Prescription drug abuse is an increasing problem in the U.S. and can affect all age groups, though it is more common in younger people (18 to 36 years old.)
Early identification of Vicodin (hydrocodone) abuse and early intervention can prevent the problem from turning into an addiction. Abuse of drugs can happen without a person being addicted to the drug. It is also possible for someone to become physically dependent on opioids, like Vicodin, while taking their prescription as directed.
However, if symptoms of Vicodin abuse occur, it’s likely that symptoms of an addiction will soon follow. Vicodin is a commonly prescribed pain killer. Although there are many signs of Vicodin abuse, the drug affects individuals in different ways.
There are five common signs of Vicodin abuse:
- sudden changes in mood
- insomnia that results in periods of nodding off
- inability to focus, lack of coherence
- obsession with Vicodin
- personal loss
Sudden changes in mood: Vicodin abuse affects the reward and judgment centers in the brain, especially when a person has abused the drug to the point of building a tolerance. The chemical reaction of Vicodin slowly changes the structure of the reward and judgment centers, which can increase the risk of addiction.
Chemicals that influence someone’s mood, like dopamine and serotonin, are then not produced or released properly. This causes sudden and sometimes extreme changes in mood. If someone goes from acting normal to being extremely anxious or irritated, they may be abusing Vicodin.
Insomnia: When an individual abuses opioid painkillers like Vicodin, they may experience changes in their sleep pattern. Someone abusing Vicodin may nod off or go to sleep at random times. This condition is sometimes referred to as the “narc nod off.” This sign can range from appearing drowsy to falling completely asleep, depending on the severity of abuse.
Lack of sleep caused by prescription painkillers can cause the brain to not get enough rest, and in order to compensate it will automatically shut itself down as a form of self-preservation. This can happen at anytime, such as in the middle of a sentence or while someone is driving, for example.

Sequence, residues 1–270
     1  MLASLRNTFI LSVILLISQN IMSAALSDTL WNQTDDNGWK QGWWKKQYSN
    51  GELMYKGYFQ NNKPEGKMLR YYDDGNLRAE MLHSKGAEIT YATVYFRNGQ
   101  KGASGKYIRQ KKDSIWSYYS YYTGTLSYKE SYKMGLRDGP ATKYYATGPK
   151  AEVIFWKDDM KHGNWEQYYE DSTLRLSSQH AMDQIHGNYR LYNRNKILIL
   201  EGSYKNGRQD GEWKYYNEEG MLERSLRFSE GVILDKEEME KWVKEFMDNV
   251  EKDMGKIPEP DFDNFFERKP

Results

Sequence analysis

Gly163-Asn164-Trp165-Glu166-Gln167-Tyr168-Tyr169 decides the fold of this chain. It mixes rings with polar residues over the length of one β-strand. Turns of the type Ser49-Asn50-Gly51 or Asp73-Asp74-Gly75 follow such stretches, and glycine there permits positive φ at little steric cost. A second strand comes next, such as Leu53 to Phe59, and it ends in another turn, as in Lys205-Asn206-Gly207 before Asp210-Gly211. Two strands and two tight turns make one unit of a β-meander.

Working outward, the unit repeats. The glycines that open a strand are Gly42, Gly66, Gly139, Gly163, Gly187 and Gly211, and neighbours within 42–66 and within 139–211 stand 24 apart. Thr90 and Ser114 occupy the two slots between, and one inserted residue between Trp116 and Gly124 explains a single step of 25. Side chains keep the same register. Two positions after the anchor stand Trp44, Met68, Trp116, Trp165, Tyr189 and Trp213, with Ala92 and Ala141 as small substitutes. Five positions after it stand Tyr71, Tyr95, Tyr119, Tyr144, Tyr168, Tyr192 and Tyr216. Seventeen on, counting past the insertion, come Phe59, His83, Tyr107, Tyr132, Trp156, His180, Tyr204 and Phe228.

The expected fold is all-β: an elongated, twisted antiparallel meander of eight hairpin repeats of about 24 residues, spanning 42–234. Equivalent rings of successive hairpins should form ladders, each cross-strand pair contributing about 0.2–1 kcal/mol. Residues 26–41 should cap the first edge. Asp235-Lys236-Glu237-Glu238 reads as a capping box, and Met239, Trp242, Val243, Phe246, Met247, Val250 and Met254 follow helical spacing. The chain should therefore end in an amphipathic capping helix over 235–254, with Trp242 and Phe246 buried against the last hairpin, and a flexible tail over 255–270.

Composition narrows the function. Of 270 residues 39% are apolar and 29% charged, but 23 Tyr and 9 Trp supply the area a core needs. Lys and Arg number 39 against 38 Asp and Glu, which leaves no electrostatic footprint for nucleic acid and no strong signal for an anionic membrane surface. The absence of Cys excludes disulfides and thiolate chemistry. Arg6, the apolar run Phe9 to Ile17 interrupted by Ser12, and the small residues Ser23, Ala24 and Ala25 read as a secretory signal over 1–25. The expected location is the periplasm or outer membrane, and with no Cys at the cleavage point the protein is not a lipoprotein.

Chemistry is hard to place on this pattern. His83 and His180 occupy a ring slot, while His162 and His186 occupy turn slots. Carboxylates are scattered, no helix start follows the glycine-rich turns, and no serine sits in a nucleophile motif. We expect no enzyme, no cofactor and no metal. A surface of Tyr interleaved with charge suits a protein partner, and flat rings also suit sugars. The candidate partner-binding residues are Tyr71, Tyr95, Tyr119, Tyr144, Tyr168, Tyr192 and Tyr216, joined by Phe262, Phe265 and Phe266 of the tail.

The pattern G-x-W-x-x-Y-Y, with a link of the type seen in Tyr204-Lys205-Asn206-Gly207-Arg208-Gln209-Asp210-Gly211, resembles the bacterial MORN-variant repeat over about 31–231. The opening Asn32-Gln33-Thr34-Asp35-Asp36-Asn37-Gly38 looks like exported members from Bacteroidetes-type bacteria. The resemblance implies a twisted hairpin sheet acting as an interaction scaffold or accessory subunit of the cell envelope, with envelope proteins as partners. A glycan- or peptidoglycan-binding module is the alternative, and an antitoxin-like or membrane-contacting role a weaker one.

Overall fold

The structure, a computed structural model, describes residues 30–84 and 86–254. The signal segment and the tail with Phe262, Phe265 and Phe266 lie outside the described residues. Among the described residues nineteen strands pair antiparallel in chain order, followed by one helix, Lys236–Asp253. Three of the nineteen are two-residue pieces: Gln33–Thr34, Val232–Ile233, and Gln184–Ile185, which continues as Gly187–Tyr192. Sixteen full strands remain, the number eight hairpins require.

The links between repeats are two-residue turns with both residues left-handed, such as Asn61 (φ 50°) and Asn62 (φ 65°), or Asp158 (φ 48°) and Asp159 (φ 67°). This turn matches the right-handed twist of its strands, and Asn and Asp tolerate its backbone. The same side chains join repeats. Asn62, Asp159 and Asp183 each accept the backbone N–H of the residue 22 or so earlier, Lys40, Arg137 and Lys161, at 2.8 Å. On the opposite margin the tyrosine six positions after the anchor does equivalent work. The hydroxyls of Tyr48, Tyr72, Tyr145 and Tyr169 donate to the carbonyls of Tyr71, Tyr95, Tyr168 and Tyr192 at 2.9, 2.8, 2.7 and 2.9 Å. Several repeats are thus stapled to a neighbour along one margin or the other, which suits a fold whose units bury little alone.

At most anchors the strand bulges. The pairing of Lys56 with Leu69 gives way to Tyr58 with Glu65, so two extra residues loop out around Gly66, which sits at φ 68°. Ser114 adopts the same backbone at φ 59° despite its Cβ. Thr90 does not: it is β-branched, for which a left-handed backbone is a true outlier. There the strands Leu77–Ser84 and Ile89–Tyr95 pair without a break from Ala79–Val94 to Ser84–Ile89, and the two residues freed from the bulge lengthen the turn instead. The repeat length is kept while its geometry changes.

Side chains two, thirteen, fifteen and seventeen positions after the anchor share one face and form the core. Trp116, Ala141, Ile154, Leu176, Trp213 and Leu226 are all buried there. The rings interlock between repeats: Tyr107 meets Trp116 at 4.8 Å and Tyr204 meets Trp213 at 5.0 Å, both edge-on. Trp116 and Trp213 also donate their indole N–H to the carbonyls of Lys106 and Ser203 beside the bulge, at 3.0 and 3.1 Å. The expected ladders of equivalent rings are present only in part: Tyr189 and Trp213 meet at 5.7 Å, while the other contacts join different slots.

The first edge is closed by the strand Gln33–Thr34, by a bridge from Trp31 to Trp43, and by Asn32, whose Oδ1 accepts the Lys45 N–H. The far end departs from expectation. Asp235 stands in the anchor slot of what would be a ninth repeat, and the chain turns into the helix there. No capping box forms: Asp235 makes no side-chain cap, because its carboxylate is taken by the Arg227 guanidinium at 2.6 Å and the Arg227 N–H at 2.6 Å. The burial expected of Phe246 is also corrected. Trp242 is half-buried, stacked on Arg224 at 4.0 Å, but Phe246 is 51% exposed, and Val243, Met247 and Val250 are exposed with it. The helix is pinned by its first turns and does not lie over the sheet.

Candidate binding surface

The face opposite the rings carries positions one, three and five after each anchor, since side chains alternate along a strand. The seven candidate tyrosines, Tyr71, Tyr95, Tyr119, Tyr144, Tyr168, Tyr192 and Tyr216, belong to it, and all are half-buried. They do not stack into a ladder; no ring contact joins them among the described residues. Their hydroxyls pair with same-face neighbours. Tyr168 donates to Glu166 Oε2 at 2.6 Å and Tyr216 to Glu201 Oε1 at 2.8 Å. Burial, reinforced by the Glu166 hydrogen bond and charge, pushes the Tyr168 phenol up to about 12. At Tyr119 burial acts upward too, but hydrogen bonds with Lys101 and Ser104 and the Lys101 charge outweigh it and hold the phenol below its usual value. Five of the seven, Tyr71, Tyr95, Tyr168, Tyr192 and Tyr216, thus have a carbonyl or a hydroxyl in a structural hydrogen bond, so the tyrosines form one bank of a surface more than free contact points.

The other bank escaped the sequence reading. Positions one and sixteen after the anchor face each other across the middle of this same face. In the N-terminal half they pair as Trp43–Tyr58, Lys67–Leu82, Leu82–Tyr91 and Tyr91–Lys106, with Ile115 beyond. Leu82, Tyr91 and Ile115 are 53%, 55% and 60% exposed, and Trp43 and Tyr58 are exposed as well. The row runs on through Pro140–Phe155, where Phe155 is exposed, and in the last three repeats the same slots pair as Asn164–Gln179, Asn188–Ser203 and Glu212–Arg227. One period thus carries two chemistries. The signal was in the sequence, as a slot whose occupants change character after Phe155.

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Inability to focus: A common side effect of opioid abuse. Opioids are central nervous system depressants and work to slow brain function. Due to this effect, people abusing opioids may find very difficult to focus on the task at hand.
When someone is under the influence of high doses of Vicodin, they can appear high or in a confused state. This sign can also be associated with limited motor skills and slurred speech, and is most likely to happen about an hour after abusing Vicodin.
Obsession with Vicodin: There is a difference between abuse and addiction. Someone abusing a drug like Vicodin may still able to say “no” to taking more of the drug, while someone suffering from addiction continues to have a compulsive physical and mental urge to use it.
When someone is close to going from an abusive state to a state of addiction, it is common for them to become increasingly obsessed with getting more Vicodin. After someone abuses a powerful drug like Vicodin they may continue to use the drug in order to avoid any unwanted withdrawal symptoms.
Personal loss: People abusing Vicodin are likely to experience issues with their relationships. Abusing Vicodin can cause periods of time where someone ignores their personal responsibilities.
Other life aspects may be affected due to Vicodin abuse as well. When an individual is not able to perform their job and their family suffers because of it, their Vicodin abuse can quickly turn into addiction.
Effects Of Vicodin On The Mind And Body
Like other opioid painkillers, Vicodin abuse can cause some of the following physical effects:
- nausea and itching
- slowed breathing
- poor coordination
- increased pain with higher doses
The mental side effects of Vicodin may include feelings of euphoria (feeling “high), drowsiness, and confusion.
Taken over a long time period, Vicodin can become the root cause of further medical issues including liver damage and failure, which is typically identified by yellowing of the eyes or skin. Vicodin abuse can also cause urinary system issues, causing pain or inability to urinate.
When taken in large doses, Vicodin slows respiration and heart rate. If someone taking Vicodin takes too large a dose, they may experience an overdose. The likelihood of overdosing on Vicodin increases when someone mixes it with another central nervous system depressant, like alcohol.
Some symptoms of Vicodin overdose can include:
- constricted pupils
- weak pulse
- shallow or difficult breathing
- respiratory arrest
- blue tint in the lips and fingernails
- seizures or coma
Withdrawal From Vicodin
Many people who abuse Vicodin continue to do so in order to avoid experiencing uncomfortable withdrawal symptoms. This increased use pattern also causes people to increase their dose amount as their tolerance to Vicodin increases. The combination of wanting to avoid withdrawal and the gradual increase of Vicodin tolerance can quickly turn Vicodin abuse into addiction.
Withdrawal symptoms of opioids like Vicodin can include:
- extreme anxiety and depression
- muscle aches
- watery eyes
- flu-like symptoms (runny nose, head and body aches)
- increased sweating
Treatment For Vicodin Abuse
Treatment for Vicodin abuse often begins with detoxification from the drug. Studies have indicated that successful opioid detox is best completed in a medically-supervised setting. Medically-supervised detox allows the addicted individual greater access to a support system while they wean off Vicodin.
Many people going through recovery can benefit from an aftercare program to continue to have access to support through support groups after leaving treatment.